Each mortgage program has its own minimum down payment requirement. For example, FHA loans require at least 3.5% down. However, there are some cases when you must put down more. The same is true for many other loan programs available today. If you don’t meet their minimum requirements, you may need more skin in the game in order to qualify for the program. Here we’ll discuss these situations and what to do.
FHA loans are notorious for their low down payment requirements. With as little as 3.5% down, you can secure a great loan program. However, there’s a catch. You can only get away with such a small down payment if you have a credit score above 580. If you have a score between 500 and 579, you must put at least 10% down on the home. This helps the lender make up for the risk your credit score creates.
This isn’t to say that borrowers with a 579 credit score are going to default on their loan. But, your credit score is a reflection of your financial responsibility. It plays a large role in your eligibility for a loan. A lower credit score often means you defaulted on loans or overextended your credit. Both situations cause problems for lenders, which is why they require the higher down payment.
Conventional loans are those owned by Fannie Mae and Freddie Mac. Typically, these programs require a minimum down payment of 3%. However, this is only if the home is owner-occupied. If you purchase a non-owner occupied home, you may have to put more money down on the home. Only single-family homes with a fixed rate mortgage qualify for the 3% down payment.
Purchasing a single-family home with an adjustable rate mortgage requires a down payment of 10%. This gives the lender a little more insurance against default. Because the adjustable rate mortgage can be riskier than a fixed rate, the lender wants to make some of the money upfront. This way if you default on the loan, the lender made a little bit back on the deal. This isn’t to say everyone with an ARM will default. The risk is higher though, once the rate starts adjusting.
If you purchase a second home, such as a vacation home, you’ll need to put down at least 10% for a fixed rate mortgage. If you opt for the ARM, you’ll need 20% down on the home. Second homes are usually riskier than the primary residence. If you got into a financial bind, chances are you’d pay for your primary residence. You may let your second home go if it came down to it. That’s not where you sleep every night, so it’s not as big of a deal to you.
Investment properties require an even larger down payment. Borrowers with a fixed rate must put down 15% and those with an ARM must put down 25%. Investment properties often pose an even larger risk for lenders because the borrower must rely on income from another party. Renters, even with a lease, can default on their rent. If this causes you to default on your mortgage, it puts the lender at risk for a loss.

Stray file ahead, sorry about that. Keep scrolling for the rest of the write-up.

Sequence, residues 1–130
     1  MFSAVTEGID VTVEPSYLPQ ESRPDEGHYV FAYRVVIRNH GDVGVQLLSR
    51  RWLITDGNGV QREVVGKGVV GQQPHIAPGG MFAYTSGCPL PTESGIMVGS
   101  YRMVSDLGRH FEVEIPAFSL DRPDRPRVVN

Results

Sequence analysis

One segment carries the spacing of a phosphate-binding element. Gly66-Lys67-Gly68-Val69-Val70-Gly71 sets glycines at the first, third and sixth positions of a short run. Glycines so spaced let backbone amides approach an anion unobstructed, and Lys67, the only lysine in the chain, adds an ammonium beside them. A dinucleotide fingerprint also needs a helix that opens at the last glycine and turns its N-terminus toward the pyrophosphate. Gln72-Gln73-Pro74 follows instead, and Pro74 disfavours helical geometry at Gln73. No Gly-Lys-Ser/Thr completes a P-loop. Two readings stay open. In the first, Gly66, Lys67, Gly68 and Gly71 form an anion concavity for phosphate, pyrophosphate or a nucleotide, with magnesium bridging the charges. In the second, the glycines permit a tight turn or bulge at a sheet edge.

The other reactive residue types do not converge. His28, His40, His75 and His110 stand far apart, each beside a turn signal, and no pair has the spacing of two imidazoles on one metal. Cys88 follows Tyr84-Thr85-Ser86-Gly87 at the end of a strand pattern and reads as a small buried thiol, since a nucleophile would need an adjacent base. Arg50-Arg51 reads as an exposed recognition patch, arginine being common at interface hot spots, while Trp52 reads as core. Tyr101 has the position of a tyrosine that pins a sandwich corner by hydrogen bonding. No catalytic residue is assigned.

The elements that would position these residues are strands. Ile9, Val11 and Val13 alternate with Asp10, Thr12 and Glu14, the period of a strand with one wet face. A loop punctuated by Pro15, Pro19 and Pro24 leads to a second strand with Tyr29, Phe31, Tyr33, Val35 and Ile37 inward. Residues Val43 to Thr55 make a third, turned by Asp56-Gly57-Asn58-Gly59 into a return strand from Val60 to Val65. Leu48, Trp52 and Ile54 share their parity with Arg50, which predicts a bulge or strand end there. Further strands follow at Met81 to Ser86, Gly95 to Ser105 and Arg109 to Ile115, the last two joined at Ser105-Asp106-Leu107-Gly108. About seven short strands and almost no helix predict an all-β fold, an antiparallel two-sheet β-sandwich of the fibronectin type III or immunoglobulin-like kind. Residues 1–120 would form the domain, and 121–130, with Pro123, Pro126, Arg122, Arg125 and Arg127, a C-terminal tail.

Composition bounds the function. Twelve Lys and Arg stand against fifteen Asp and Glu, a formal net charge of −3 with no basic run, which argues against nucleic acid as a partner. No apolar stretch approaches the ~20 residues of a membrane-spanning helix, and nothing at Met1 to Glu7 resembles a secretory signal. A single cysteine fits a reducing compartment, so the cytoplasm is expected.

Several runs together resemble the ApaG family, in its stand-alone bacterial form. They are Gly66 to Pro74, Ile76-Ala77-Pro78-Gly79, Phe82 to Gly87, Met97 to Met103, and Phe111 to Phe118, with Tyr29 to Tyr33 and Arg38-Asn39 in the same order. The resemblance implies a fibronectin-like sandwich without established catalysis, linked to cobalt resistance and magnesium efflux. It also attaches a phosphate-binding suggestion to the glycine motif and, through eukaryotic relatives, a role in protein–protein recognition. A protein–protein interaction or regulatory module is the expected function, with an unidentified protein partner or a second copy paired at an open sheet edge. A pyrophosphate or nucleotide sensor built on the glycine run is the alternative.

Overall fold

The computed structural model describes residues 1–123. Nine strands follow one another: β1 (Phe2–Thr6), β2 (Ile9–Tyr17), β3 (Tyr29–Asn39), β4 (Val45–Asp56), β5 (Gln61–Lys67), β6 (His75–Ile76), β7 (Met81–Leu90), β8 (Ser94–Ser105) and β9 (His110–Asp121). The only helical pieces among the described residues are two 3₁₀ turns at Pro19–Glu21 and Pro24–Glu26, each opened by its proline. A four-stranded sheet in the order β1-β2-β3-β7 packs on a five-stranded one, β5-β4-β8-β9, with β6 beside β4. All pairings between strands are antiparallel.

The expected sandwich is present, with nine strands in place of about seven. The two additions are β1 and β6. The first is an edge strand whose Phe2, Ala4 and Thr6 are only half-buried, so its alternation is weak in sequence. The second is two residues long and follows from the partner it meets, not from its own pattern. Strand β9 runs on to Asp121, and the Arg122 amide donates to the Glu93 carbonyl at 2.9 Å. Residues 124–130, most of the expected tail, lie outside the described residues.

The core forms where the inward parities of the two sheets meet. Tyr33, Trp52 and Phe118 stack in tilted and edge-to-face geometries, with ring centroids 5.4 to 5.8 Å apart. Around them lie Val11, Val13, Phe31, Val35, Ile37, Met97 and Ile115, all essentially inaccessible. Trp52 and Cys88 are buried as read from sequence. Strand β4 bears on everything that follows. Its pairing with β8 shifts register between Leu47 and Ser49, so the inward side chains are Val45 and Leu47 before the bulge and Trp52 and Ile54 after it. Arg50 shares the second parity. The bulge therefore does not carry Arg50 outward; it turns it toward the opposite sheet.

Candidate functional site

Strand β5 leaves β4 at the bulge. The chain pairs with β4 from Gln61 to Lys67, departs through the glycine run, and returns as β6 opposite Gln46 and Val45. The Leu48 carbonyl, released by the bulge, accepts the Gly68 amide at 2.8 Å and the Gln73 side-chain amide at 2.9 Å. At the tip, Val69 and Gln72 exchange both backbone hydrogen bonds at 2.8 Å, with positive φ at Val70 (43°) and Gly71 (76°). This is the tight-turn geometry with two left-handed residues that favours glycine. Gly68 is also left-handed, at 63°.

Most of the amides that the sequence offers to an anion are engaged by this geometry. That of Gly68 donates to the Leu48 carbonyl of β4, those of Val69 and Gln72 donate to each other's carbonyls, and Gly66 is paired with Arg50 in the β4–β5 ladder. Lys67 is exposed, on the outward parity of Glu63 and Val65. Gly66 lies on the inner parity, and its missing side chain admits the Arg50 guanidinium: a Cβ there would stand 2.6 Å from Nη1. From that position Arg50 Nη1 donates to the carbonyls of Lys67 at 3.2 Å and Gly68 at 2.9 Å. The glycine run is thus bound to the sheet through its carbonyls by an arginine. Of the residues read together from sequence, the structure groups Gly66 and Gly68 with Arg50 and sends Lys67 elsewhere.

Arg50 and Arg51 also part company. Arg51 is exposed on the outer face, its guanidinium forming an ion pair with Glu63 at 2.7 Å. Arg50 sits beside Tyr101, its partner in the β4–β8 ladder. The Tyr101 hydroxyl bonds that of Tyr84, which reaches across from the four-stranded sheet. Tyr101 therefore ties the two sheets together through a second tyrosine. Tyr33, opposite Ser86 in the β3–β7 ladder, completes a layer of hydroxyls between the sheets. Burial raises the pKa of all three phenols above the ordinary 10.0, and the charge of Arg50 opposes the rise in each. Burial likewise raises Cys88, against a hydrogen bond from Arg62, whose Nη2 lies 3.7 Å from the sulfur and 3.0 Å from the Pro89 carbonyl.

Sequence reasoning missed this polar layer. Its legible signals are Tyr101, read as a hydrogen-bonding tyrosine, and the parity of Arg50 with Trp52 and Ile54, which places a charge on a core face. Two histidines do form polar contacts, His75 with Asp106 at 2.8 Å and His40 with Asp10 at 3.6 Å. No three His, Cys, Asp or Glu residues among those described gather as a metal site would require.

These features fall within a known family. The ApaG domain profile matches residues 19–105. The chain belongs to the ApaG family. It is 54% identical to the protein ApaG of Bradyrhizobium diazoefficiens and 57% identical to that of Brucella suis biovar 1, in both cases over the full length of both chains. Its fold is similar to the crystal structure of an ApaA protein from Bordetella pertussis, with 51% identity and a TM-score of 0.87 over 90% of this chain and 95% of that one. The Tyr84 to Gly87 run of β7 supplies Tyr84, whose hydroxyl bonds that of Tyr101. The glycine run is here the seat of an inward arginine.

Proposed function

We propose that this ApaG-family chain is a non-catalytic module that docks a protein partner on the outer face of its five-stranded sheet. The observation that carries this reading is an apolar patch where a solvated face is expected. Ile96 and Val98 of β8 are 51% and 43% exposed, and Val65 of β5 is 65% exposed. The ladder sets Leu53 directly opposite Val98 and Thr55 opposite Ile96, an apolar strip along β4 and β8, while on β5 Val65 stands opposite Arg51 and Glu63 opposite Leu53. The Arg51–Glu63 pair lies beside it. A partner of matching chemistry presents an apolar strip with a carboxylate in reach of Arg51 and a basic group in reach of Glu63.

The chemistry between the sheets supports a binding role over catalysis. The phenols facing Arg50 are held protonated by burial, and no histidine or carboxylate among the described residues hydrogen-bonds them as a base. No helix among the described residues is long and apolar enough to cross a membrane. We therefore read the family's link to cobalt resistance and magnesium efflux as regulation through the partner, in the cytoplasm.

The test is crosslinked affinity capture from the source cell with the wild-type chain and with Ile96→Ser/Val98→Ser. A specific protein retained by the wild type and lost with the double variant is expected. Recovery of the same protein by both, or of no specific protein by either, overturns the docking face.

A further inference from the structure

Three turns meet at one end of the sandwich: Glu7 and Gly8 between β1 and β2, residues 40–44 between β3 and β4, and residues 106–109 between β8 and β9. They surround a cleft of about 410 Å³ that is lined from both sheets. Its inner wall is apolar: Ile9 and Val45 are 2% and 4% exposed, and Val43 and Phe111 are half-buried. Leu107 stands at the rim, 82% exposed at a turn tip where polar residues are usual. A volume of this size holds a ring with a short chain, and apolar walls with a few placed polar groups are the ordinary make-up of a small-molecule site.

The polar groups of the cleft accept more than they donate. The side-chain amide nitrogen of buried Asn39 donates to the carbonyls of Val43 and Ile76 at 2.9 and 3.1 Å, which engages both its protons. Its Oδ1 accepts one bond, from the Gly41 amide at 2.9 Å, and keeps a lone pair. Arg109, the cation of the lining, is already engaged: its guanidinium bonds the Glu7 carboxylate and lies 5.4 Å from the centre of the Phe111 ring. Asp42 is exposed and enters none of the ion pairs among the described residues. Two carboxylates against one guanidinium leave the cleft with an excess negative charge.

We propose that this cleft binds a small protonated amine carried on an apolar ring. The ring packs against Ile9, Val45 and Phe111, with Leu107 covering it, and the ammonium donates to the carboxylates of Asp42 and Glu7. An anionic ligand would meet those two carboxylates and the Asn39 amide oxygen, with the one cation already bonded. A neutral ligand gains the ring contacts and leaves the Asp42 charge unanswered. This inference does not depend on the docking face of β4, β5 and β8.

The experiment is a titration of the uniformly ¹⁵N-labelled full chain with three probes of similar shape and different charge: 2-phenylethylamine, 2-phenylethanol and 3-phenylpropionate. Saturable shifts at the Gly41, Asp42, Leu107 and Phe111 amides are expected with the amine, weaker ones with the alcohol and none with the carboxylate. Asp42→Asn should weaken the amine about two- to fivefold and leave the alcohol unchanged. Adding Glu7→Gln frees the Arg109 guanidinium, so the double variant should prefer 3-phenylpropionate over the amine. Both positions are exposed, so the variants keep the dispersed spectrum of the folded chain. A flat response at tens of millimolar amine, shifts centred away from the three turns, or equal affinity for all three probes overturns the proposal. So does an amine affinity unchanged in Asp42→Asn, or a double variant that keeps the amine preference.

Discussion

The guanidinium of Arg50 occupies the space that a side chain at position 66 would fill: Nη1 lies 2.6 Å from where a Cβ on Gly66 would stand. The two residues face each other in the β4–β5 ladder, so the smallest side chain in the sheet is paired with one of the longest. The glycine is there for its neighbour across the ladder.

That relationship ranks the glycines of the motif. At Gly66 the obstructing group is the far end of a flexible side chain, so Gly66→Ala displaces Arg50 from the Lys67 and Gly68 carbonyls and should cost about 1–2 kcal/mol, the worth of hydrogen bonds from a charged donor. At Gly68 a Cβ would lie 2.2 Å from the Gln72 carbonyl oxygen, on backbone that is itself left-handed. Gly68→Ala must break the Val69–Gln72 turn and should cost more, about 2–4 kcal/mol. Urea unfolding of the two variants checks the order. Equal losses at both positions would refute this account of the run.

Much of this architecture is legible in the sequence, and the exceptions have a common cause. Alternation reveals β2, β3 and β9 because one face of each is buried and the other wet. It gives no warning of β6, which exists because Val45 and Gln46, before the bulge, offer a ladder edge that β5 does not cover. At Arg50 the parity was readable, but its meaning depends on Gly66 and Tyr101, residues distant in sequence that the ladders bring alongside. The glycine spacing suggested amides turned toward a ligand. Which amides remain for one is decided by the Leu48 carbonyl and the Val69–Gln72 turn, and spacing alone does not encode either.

VA loans are rare because they don’t require a down payment. However, there is an exception to the rule. If the value of the home you purchase doesn’t meet or exceed the purchase price, you’ll need to make up the difference. For example, a home you want to buy appraises at $150,000. However, you agreed to buy it for $175,000. You would have to come up with the $25,000 difference. This is the only way the lender would allow you to have the loan.
What Does the Down Payment Do?
The down payment on the loan helps the lender make money upfront. Aside from the closing costs, lenders make money off the interest on your loan. What happens if you don’t make your payments, though? The lender doesn’t make any money. This is the reason they often charge higher down payments. Any aspect that makes your loan risky causes the lender to raise the down payment requirements.
Can you Avoid Putting More Down?
There is a way to prevent the requirement for a large down payment. You can provide the lender with compensating factors. These are factors that make your loan look less risky. For example, high credit scores and low debt ratios go far with lenders. This shows them financial responsibility. On the other hand, low credit scores and high debt ratios can work against you. They can make a lender leery of providing you with a loan.
Sometimes compensating factors can help minimize the amount of money you must put down on the home. The lender looks at the big picture. They don’t look at each individual factor. Instead, they look at how risky your entire loan file is. If you can make one part of your application look attractive, it can decrease the unattractiveness of another part.
Can you ever get around the down payment requirements? It’s not likely. A lender may bend the rules if you have certain compensating factors. Usually, though, they stand by the written requirements. If you don’t meet the specific credit score or you purchase a home for purposes other than living in it, you will make a higher down payment. Consider it a way to gain equity in your home right away. It’s not money you’ll never see again. Hopefully, you’ll have a good return on your investment and see the money again. Until then, consider it a long-term investment!